On cars, old, new and future; science & technology; vintage airplanes, computer flight simulation of them; Sherlockiana; our English language; travel; and other stuff
WINSTON CHURCHILL was successful at a great many things, wartime leader, historian, Nobel Laureate in literature, artist in oils, raconteur, bon mot specialist. However, despite having an enthusiasm for aviation, he never became a pilot.
Not that he didn’t try. And not that he was averse to taking control of aircraft transporting him on crucial wartime travel. Here’s part one of two collections of Churchill’s flights.
Churchill was already 30 years old when the Wright Brothers first flew on December 17, 1904. Seven years later, when Churchill became First Lord of the Admiralty, he was instrumental in establishing the British military air arm. On his 39th birthday in 1913, Churchill gave himself the gift of flying lessons.
It was said Churchill was so keen about flying that he would go up as many as 10 times a day. However, pressures grew from his wife Clemmie and government colleagues when one of his instructors, Captain Gilbert Wildman-Lushington, died in a crash. Churchill gave up his flying lessons, albeit temporarily.
Churchill took to flight training again in 1919, but only until July 18 when bad bruises in a crash at what came to be Croydon Aerodrome put paid to the idea. Though Churchill continued to be an aviation advocate, and a frequent air traveler for the rest of his life, he no longer aspired to a pilot’s certificate.
Churchill’s journalistic efforts included two stories for Nash’s Pall Mall magazine: “In the Air,” June 1924, and “Why I Gave Up Flying,” July 1924. Later, however, when responsibilities required long-distance travel, Churchill found satisfaction in visiting flight decks and, at least once, in cajoling his way into control of the aircraft.
The first transatlantic flight of a world leader came in January, 1942, after Churchill attended meetings in Washington, D.C., at the onset of U.S. entry into World War II. Churchill began with a four-hour flight in the BOAC Boeing 314 flying boat Berwick from Virginia to Bermuda, where he would thank the people of this British territory for allowing construction of a U.S. base.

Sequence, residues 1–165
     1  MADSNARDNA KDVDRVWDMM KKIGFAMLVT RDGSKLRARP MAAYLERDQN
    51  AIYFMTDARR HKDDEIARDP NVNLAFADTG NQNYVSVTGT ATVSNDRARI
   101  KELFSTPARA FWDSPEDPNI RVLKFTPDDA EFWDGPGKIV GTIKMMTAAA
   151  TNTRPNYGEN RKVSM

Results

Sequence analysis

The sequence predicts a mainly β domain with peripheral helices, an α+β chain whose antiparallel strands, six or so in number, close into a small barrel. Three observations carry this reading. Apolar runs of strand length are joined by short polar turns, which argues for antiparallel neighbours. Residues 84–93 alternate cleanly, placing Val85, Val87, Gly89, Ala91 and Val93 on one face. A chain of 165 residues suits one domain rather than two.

Soon after the flight departed for Bermuda, Churchill entered the flight deck of the Berwick. He was smoking his trademark cigar, though Captain John Kelly-Roger waived rules and even let him strike a match when the cigar went out.
Kelly-Roger offered Churchill the pilot’s seat, while whispering to his co-pilot to be prepared for anything untoward. Churchill performed a couple of well-executed slightly banked turns and was duly photographed. Later, he returned to the second officer’s seat to observe the setdown onto Bermuda’s Great Sound.
Of the continuing flight from Bermuda to Plymouth, England, Churchill said, “I had a good broad bed in the bridal suite at the stern with large windows on either side…. The motion was smooth, the vibration not unpleasant, and we passed an agreeable afternoon and had a merry dinner.” The 3300-mile Bermuda/Plymouth flight took 17 1/2 hours.
There was high drama near the flight’s conclusion. When they failed to pass over the Isles of Scilly near England’s southwest tip, the crew realized that a navigational error was pointing them toward Brest, France, the most heavily defended of all German-occupied ports. Brest was only six miles off when the aircraft veered abruptly north. Luftwaffe planes scrambled to investigate the radar blip, but never found them.
Luck prevailed when the Churchill flight approached Plymouth unexpectedly from the south. This time, the flight was mistaken for a German aircraft, and six Hurricanes of the Fighter Command were dispatched to intercept the raider.
Fortunately, as Churchill noted later, “they failed in their mission.” ds
© Dennis Simanaitis, SimanaitisSays.com, 2015